Regina Boyle Wheeler; Medically reviewed by Niya Jones, MD, MPH
Consider this: The average American puts on about a pound between Thanksgiving and New Year’s Day. That might sound small, but unfortunately, that pound typically isn’t lost during the rest of the year, so holiday weight gain adds up over time. You may think it's hard to stick to a healthy diet plan during the holidays — fattening and rich holiday food is part of almost every celebration.
Even so, you can still avoid holiday weight gain by making some smart choices at the buffet table. Karen Ansel, MS, RD, a registered dietitian and spokesperson for the American Dietetic Association, runs down “naughty” holiday food choices and offers “nicer” alternatives.
Eggnog is a traditional holiday treat, but downing a few cups could leave you with a belly rivaling Santa’s. One cup packs about 300 calories — not surprising since the main ingredients are milk, sugar, and eggs. Stir in a little alcohol, and the calorie count goes even higher. If you are going to indulge in eggnog, though, don’t make it yourself, warns Ansel. Buy pasteurized, ready-made eggnog to avoid potential salmonella poisoning.
Nice: Cranberry Vodka
Try toasting the holiday season with an ounce and a half of cranberry vodka over ice — about 100 calories — instead of a mixed drink. Ansel says to steer clear of cocktails because they have so many calorie-filled ingredients that the calories can really add up. If you are the designated driver or just want to skip the alcohol, opt for sparkling water with a twist of lime.
Naughty: Baked Brie
Warm and gooey baked Brie cheese is hard to pass up on a buffet, but keep walking. Consider this: Just two ounces pack 190 calories and 16 grams of fat. Ansel advises politely declining crackers and cheese as well. “Stick with high-protein, low-fat appetizers,” she says. Consider eating a low-fat snack before a holiday party, so you’re not starving when you get there and can avoid over-indulging in holiday food.
Nice: Shrimp Cocktail
Here’s a lavish splurge you can savour without guilt. “Shrimp are super-low in calories and high in protein," Ansel says, adding that 10 shrimp are just 50 calories and 9 grams of protein. Protein is digested slowly and will keep you full so you’ll eat less overall and take in fewer calories, she explains. Here’s another smart tip for eating during the holidays: Don’t socialize near the buffet table so you won’t be tempted to nibble constantly as you chat.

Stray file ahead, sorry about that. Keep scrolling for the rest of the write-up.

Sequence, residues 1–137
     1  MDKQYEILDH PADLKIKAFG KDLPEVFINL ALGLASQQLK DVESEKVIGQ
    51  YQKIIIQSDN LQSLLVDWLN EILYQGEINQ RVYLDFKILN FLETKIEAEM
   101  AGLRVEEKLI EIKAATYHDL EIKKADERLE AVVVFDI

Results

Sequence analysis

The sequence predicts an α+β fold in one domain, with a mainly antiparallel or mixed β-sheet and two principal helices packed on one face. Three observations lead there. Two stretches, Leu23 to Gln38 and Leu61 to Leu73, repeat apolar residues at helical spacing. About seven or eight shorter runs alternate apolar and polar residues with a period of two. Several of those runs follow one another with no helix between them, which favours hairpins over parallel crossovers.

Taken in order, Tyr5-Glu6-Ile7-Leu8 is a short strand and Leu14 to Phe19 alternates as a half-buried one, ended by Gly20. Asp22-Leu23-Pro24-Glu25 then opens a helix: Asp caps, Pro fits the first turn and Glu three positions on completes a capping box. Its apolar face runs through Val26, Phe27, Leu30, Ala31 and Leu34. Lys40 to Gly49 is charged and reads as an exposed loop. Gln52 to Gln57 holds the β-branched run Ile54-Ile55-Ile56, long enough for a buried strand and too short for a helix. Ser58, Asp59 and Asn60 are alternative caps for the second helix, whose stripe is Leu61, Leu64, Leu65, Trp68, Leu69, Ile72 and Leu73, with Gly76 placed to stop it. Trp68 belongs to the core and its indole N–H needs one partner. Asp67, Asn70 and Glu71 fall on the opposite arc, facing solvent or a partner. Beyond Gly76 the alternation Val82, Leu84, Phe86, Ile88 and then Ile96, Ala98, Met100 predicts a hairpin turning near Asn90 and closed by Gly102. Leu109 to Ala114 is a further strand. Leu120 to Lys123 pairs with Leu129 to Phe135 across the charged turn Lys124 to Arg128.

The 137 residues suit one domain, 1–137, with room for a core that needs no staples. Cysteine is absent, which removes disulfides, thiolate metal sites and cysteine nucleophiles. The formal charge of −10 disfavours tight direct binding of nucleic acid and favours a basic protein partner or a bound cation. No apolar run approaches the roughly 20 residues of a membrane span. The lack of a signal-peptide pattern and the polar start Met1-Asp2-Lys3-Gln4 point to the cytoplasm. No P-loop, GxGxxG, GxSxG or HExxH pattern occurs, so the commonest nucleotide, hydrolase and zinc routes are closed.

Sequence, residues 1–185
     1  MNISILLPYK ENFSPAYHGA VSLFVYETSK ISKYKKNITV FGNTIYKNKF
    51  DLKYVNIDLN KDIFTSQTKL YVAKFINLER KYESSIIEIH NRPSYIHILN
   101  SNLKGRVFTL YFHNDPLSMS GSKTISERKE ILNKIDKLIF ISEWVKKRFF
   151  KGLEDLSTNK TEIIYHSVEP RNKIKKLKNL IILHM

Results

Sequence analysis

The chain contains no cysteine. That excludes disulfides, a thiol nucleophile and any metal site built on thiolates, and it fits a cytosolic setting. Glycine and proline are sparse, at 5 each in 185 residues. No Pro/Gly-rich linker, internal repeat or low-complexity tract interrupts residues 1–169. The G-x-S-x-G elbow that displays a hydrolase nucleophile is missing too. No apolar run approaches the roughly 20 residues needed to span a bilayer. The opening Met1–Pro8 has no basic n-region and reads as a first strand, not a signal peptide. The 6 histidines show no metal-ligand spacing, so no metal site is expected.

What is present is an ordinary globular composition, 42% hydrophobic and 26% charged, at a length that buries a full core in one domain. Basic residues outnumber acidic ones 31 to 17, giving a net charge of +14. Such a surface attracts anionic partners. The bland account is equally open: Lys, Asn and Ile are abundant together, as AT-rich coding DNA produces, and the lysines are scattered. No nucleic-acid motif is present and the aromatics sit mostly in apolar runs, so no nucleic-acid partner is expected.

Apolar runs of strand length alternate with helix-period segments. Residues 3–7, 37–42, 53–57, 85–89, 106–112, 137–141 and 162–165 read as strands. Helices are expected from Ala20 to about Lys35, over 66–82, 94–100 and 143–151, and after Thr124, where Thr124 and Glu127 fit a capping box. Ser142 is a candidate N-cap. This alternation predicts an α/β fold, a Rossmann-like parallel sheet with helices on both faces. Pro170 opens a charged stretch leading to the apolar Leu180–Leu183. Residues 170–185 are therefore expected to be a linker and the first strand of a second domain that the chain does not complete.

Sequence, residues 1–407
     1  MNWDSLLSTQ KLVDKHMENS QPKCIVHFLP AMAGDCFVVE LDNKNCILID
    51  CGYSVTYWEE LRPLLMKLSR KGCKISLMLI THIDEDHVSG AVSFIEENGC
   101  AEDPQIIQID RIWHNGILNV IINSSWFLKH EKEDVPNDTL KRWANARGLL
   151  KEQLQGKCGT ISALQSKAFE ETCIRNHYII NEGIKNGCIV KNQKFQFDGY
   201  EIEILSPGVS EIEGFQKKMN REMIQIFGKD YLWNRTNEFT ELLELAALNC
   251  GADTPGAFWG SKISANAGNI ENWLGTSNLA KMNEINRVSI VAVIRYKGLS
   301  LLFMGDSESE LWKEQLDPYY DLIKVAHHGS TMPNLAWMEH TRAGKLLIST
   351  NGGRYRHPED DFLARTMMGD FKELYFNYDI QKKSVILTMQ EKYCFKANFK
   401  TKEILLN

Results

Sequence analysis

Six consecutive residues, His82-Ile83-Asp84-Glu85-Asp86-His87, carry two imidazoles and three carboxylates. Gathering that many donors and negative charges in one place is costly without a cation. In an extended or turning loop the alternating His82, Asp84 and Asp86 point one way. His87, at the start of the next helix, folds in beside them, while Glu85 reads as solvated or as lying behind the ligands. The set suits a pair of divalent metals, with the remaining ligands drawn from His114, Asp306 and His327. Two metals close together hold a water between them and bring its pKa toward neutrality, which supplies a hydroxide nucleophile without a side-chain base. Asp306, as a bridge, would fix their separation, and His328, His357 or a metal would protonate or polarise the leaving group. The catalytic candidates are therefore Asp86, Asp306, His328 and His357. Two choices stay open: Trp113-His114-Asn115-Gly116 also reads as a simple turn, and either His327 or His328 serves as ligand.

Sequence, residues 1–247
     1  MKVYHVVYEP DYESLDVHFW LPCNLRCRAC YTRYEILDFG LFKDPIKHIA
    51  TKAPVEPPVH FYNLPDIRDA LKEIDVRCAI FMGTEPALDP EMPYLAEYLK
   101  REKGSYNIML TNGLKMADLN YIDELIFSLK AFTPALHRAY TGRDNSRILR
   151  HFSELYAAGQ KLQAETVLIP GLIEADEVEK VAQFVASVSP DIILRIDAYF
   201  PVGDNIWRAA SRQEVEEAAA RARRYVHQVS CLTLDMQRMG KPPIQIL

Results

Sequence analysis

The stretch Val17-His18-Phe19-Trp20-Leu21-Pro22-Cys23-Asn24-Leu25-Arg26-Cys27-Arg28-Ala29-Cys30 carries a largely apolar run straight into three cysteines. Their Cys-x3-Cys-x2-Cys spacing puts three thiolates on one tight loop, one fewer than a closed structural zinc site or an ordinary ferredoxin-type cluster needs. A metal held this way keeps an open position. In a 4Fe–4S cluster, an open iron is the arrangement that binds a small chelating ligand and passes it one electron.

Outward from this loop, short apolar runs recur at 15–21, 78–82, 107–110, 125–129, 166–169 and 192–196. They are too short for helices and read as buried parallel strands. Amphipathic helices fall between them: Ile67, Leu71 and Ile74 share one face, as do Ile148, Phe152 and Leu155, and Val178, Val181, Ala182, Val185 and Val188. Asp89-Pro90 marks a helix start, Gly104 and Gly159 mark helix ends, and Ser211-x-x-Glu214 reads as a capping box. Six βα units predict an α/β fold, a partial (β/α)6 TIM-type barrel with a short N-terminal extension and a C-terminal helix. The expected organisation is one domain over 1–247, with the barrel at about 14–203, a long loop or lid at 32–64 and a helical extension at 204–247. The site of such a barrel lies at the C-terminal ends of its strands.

Naughty: Dark-Meat Turkey
Turkey is poultry, so it’s low in fat, right? Not if you eat the dark meat. “It’s packed with fat and calories,” says Ansel. Consider this: A turkey thigh has 493 calories and 27 grams of fat. “That’s more than you’d get from a slice of pumpkin pie,” Ansel notes. Another tip to avoid overeating and that uncomfortable stuffed feeling is to wait at least 10 minutes before you go back to the holiday buffet for a second helping — after waiting a few minutes, you might even decide to pass on the seconds.
A holiday ham is a much leaner option. “It has just 140 calories and 7 grams of fat per three- ounce serving,” says Ansel. That’s about the size of a tin of Altoids or a deck of cards. However, keep in mind that choosing ham with a pineapple sauce or a sweet glaze could undo your healthy choice. Suggests Ansel, “I’d skip them — they’re probably laden with sugar.”
Naughty: Cranberry Sauce
Reaching for a spoonful (or two) or a thick slice of cranberry sauce to accompany your turkey? While this traditional favourite may sound like a healthy holiday food choice, you should beware of this dish. “Those tart cranberries need lots of sugar to sweeten them up,” Ansel explains. Just a quarter-cup of traditional cranberry sauce has 104 calories.
Nice: Unsweetened Applesauce
If you want some sweet fruit flavour to liven up your holiday plate, there's a healthier way to get it. Try dumping the cranberry sauce and putting some applesauce next to your turkey (just make sure it’s the unsweetened kind). A quarter-cup weighs in at only 25 calories.
“All desserts are not created equal,” says Ansel. What’s the worst offender? Delicious, but often decadent, holiday pie. “The crust is loaded with butter or shortening,” she warns. And the worst choice of all is pecan pie — it contains more than 500 calories and 27 grams of fat per slice. And that’s before you add on any ice cream or whipped cream topping.
“Go with small, bite-sized chocolate desserts,” advises Ansel. A piece of fudge comes in at 70 calories and a two-inch brownie contains 110 calories. That little shot of sugar might be enough to satisfy your sweet tooth at the end of the meal. You don’t have to deprive yourself during the holidays, but remember that just a few smart choices may make the bathroom scale a lot less frightening come New Year’s Day.